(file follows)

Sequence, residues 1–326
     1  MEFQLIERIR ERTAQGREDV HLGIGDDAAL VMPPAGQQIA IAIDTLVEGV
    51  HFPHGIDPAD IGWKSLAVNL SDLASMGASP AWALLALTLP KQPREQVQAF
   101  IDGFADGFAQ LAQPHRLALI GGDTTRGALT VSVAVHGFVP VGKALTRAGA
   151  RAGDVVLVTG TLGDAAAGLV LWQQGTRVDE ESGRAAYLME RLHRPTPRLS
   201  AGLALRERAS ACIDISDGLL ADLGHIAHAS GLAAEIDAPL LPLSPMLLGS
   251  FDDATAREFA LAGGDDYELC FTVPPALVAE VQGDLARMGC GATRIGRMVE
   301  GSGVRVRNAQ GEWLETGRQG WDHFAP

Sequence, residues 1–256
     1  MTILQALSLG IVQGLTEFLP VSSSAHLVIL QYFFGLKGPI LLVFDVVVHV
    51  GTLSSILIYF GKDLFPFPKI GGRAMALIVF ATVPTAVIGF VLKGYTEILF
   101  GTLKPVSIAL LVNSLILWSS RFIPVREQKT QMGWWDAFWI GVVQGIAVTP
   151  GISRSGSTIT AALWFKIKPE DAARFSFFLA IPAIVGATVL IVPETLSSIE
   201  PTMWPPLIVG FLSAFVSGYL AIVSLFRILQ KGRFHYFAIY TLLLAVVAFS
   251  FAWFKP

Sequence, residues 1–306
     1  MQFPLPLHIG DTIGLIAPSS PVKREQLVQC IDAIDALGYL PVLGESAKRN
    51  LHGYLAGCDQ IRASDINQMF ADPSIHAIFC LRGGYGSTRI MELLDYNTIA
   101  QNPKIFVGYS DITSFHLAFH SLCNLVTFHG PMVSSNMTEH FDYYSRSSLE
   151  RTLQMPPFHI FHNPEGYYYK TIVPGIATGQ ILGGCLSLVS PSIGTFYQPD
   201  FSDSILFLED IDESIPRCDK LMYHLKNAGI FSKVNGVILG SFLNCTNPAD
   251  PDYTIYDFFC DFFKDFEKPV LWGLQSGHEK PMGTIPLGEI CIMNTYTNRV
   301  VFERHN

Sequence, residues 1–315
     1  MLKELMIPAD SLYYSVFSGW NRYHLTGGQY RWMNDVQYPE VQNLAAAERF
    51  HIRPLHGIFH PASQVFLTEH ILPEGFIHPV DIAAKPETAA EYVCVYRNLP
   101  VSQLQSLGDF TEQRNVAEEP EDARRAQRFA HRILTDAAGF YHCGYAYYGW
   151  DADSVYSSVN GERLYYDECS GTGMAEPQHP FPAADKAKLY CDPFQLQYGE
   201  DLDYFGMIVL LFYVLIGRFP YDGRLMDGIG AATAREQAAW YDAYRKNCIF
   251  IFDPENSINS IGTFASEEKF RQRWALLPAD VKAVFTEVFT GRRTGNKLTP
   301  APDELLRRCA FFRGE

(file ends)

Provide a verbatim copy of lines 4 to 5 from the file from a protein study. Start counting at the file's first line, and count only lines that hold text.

   101  IDGFADGFAQ LAQPHRLALI GGDTTRGALT VSVAVHGFVP VGKALTRAGA
   151  RAGDVVLVTG TLGDAAAGLV LWQQGTRVDE ESGRAAYLME RLHRPTPRLS